Understanding the Paperless NHS Challenge

When the Secretary of State for Health, Jeremy Hunt MP, laid down the challenge that the NHS would be “Paperless by 2018” no one realised quite what would be involved. Since then some projects to digitise legacy records and implement Enterprise Document Management Systems have succeeded and some have failed or stalled. The timing is right to look at the issue in the round and understand the various challenges in context.

MISL is currently scanning the largest medical records project in the UK. Read the MISL White Paper on A Paperless NHS to understand more about the challenge NHS Trusts are facing. Click here to view the White Paper.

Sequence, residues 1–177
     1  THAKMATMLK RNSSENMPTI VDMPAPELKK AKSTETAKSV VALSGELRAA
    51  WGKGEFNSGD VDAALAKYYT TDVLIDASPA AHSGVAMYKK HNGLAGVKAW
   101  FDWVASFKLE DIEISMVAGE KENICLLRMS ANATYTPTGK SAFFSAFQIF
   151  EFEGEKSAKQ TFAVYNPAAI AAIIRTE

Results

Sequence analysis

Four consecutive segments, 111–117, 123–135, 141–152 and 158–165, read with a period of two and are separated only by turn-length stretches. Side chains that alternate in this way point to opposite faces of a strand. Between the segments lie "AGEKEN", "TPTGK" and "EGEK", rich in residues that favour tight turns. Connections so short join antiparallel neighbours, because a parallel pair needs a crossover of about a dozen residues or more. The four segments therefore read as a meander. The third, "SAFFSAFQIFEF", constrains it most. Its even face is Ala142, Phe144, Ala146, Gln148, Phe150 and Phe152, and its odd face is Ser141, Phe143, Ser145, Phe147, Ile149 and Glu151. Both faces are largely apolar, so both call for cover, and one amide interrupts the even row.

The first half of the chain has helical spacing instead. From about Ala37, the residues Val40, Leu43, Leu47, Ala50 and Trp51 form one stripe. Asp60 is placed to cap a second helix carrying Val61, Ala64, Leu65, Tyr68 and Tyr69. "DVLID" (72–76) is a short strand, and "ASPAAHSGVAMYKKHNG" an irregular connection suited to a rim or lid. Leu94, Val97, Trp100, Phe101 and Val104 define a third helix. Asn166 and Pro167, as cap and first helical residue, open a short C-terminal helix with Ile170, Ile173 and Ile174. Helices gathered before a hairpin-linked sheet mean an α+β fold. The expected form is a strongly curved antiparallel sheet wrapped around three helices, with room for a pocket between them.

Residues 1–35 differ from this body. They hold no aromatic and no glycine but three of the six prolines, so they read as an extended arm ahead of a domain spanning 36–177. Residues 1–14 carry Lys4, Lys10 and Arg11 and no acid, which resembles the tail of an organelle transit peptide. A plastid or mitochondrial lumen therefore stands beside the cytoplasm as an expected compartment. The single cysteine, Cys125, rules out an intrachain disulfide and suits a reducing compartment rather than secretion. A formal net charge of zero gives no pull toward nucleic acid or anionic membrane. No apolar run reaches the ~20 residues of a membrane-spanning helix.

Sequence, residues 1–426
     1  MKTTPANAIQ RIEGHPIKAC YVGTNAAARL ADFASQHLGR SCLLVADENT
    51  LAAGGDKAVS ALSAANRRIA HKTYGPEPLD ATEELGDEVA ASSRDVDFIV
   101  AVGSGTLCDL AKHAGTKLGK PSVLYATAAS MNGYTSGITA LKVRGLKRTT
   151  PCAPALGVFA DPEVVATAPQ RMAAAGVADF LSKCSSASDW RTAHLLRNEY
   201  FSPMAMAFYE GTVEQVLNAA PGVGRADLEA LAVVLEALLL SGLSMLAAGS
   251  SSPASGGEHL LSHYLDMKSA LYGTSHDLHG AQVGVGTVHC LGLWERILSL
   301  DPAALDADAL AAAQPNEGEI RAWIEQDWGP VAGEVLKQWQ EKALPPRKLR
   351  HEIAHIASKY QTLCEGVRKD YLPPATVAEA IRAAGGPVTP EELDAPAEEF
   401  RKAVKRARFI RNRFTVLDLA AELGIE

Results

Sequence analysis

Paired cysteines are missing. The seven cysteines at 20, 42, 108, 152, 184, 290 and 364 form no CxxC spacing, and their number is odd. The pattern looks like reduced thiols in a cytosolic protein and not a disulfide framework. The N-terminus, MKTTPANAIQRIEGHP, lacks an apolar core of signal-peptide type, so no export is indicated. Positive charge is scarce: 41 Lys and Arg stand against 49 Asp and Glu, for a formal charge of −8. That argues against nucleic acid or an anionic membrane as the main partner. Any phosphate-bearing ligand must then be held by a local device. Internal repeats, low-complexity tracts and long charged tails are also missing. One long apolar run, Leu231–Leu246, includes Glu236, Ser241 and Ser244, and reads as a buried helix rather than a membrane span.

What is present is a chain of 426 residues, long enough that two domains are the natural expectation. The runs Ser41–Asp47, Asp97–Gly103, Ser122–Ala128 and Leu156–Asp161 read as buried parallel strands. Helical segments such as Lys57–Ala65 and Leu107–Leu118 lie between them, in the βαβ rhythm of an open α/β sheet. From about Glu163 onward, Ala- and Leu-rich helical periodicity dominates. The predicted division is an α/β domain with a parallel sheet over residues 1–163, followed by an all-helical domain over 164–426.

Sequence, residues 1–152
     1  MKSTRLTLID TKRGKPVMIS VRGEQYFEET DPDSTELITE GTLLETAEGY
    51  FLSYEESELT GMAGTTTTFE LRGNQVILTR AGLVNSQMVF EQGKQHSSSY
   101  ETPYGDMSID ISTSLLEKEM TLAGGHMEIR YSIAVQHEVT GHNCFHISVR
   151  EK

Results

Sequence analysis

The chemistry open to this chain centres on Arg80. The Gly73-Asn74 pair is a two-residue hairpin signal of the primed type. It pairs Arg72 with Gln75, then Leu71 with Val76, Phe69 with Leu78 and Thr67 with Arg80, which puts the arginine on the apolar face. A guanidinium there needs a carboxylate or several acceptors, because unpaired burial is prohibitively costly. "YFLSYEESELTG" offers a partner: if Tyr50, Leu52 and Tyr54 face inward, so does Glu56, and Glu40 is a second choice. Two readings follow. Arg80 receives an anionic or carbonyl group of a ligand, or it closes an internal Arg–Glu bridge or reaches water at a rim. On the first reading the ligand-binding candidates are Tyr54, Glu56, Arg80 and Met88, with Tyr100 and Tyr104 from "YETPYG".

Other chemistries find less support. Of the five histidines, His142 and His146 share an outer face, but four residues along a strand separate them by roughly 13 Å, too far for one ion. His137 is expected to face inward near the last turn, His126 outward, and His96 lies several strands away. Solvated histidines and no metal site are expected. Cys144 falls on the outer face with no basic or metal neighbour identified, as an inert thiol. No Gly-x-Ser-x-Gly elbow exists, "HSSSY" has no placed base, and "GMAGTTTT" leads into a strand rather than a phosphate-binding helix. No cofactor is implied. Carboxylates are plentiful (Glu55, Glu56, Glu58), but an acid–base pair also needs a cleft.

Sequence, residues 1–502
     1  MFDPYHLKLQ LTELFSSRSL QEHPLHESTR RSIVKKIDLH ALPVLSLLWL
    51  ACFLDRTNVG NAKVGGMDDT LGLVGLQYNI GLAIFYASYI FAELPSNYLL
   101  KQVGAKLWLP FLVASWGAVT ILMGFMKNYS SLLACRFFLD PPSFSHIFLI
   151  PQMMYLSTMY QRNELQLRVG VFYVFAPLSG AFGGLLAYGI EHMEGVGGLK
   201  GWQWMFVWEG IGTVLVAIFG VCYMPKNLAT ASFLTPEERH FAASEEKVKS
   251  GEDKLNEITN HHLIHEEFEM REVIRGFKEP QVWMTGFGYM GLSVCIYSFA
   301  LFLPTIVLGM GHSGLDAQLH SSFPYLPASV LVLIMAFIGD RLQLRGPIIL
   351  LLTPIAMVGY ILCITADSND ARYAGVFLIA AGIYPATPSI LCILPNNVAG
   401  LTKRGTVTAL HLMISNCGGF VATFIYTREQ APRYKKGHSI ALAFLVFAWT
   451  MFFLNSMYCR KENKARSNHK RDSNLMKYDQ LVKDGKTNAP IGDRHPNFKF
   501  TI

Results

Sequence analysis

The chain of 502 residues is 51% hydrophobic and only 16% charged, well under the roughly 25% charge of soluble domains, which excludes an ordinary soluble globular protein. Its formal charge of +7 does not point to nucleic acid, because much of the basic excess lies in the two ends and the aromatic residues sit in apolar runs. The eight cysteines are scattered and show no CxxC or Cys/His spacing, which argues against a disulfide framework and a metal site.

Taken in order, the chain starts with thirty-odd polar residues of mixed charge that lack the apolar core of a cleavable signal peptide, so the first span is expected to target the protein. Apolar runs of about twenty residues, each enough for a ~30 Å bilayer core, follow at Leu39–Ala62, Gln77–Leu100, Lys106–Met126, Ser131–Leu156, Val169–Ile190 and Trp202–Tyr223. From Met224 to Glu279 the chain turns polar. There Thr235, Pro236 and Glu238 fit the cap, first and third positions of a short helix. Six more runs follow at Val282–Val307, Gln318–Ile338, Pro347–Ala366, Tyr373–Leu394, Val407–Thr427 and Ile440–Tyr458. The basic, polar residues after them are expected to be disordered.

Many projects in this area have started recently and, while there have been some successes, there have also been some pretty stark lessons learned. Historically document scanning, to the uninitiated, has been mistakenly viewed as one step away from photocopying. In the same way the challenge of moving to paperless healthcare provision is much more involved than simply scanning in the legacy paper records. The process touches every area of a healthcare organisation including the way in which information is accessed and captured during the patient lifecycle. This in turn affects operational and clinical teams and initiates a process of change that can send shock waves through the organisation. Maintaining and improving clinical care provision by sharing information securely is the key focus of this move to a paperless NHS. There is a real concern that, if projects are entered into without being fully understood, the results could be disastrous and costly. For the event we have invited experts from a variety of areas to discuss the challenge in an open forum. We are of the opinion that if we work collaboratively we will be stronger, safer and more effective in our delivery.

 

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